Where does one find hope in the midst of profound suffering? Tony Backman aches to know. A blues-harmonica-playing child psychologist at a residential treatment center in Santa Rosa, California, Tony specializes in narrative therapy. His story-based technique empowers abused teenagers to reimagine their lives through myths and folktales and so restore their vitality.
Such vitality, however, eludes Tony in his own life. Mired in depression, he longs for his fractured family and fends off childhood flashbacks too painful to face. Tony’s mentor recommends classical underworld myths as a roadmap for the spiritual journey toward healing and hope, but Tony is too drained for the undertaking.
Until Carey Foster enters his life.
Carey is a golden-voiced eleven-year-old choral soloist at a local Catholic boys’ home. Brought to Tony’s treatment center with his wrists sliced, Carey cowers mutely with his secrets in the center’s locked ward, a flicking middle finger his only beacon. Carey’s healing depends on Tony’s ability to navigate the labyrinth of deception and cryptic self-disclosure that conceals the soul’s darkest secrets. It also depends upon Tony’s willingness to navigate the labyrinth of love and disappointment lodged in his own soul.
At once a psychological study of how trauma is healed; a hero’s journey through the underworld of abuse, betrayal, and shattered faith; and a theological thriller in search of a credible and sustaining Sacred in the midst of unspeakable suffering, The God of Shattered Glass reveals that stories do indeed heal, and that the way to God is not up, but down.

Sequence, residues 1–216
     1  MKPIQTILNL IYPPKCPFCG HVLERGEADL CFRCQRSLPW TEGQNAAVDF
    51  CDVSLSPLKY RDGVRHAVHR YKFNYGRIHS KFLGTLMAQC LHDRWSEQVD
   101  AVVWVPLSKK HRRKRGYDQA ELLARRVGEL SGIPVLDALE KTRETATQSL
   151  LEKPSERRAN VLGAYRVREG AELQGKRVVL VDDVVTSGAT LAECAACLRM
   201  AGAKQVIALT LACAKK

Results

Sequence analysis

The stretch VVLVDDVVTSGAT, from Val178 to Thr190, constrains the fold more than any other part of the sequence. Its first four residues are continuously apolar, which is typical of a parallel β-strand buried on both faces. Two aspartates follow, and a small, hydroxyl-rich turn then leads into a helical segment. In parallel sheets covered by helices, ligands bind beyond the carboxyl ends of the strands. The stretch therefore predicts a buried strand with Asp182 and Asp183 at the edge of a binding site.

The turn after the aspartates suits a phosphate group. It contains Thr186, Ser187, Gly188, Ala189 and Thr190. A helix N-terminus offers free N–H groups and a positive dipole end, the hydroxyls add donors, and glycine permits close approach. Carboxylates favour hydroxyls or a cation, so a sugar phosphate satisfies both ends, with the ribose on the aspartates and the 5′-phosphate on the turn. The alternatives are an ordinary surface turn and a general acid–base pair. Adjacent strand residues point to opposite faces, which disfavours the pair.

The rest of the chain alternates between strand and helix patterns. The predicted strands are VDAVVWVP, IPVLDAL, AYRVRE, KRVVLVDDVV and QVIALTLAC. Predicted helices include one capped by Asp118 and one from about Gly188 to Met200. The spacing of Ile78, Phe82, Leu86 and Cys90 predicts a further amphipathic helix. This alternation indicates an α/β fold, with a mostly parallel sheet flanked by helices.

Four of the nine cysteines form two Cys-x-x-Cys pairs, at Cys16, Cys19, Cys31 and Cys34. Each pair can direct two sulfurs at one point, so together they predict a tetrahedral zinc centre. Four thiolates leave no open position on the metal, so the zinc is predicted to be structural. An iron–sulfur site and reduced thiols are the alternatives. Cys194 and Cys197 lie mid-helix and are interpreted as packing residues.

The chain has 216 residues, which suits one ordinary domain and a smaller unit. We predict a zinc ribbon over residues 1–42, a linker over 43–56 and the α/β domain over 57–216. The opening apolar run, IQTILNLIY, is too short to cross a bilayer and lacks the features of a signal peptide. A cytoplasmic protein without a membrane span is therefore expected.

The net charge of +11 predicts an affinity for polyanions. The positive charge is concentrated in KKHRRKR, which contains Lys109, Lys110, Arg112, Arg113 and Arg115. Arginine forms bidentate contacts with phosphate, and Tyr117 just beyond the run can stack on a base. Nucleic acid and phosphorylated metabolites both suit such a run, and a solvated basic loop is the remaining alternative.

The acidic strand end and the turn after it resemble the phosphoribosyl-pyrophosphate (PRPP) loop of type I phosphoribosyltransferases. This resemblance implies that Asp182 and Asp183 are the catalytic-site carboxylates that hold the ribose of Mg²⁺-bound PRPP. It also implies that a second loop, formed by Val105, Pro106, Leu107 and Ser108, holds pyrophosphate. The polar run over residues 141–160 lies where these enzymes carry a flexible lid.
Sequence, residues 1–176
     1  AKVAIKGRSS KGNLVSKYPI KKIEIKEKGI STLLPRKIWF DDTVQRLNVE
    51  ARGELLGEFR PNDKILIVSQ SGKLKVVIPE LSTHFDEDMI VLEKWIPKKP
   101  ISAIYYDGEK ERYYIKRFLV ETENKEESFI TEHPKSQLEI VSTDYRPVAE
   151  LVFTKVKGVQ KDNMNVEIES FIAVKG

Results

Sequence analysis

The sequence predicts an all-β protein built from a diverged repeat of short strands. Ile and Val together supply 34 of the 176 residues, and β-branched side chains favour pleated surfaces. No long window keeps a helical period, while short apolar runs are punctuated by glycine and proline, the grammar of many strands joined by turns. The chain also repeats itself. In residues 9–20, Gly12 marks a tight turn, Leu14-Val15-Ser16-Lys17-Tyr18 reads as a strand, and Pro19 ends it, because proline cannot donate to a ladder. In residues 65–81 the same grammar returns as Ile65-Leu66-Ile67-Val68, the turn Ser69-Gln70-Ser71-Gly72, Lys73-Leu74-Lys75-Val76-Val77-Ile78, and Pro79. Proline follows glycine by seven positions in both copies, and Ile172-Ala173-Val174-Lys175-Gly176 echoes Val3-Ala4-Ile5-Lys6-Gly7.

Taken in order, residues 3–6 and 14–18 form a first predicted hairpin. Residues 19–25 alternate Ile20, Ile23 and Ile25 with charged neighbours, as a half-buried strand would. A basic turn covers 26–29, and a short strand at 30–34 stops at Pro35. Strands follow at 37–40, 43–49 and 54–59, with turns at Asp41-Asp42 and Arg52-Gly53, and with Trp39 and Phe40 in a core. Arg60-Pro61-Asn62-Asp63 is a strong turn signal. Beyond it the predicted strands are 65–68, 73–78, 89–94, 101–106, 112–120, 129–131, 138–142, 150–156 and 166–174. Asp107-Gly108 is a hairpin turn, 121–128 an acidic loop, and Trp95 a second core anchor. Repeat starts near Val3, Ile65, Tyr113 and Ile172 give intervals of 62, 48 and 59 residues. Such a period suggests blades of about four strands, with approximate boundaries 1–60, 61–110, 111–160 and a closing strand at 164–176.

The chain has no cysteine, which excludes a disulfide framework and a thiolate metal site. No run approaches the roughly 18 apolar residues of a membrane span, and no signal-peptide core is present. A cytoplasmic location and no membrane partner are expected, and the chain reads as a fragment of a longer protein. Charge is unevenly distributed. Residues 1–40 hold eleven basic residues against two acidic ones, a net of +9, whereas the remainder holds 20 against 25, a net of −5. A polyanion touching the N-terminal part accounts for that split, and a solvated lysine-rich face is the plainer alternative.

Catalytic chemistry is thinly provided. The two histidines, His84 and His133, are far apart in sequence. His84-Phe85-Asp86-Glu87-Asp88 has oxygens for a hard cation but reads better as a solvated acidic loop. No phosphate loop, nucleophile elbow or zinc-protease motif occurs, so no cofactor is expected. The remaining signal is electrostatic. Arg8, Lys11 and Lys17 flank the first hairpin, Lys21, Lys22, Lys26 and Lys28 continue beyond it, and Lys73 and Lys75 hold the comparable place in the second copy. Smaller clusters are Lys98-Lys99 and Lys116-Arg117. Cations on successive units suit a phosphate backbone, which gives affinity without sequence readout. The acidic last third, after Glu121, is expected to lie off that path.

Here are some reviews and endorsements“This novel is a breath-taking, soul-searing, and truth-telling experience. When you allow Frank Rogers to take you into the lives of child psychologist Tony Backman and the boy Carey Foster—after a few sentences, you will be in Rogers’ masterful grip—then you will enter straight into the depths of the human condition . . . I urge all serious readers to put on a diving mask and plunge into The God of Shattered Glass. This is a story that dares those who seek and teach truth to look into its mirror.”
—Carol Lakey Hess
author of Caretakers of our Common House: Women’s Development in Communities of Faith
“Would that more of us theologians could write in this vein . . . It is one thing to assert that God is utterly compassionate toward every creature and calls us to a like compassion. It is quite another to draw us through the depths of hell and hatred to a realization of that compassion, even for ourselves. Frank Rogers’ novel existentially deconstructs the cosmic patriarchy that so distorts the thinking of believers and unbelievers alike—and all the false expectations it has conjured up.”
—John B. Cobb Jr.
author of For the Common Good and Christ in a Pluralistic Age
“As somebody who has spent over thirty years working with troubled youth, I found Frank Roger’s The God of Shattered Glass a revelation. He not only knows the boys in residential homes, he knows the world that created them. Equally important his narrator, Tony, a psychologist, who tries to save a boy who has been abused, comes alive as a passionate person who is willing to ‘dine with demons,’ and reveal his hopes and fears. This book illuminates a much neglected corner of our world and shows how it is connected to the rest of us.”
—Daniel Judah Sklar
playwright and author of Playmaking: Children Writing and Performing Their Own Plays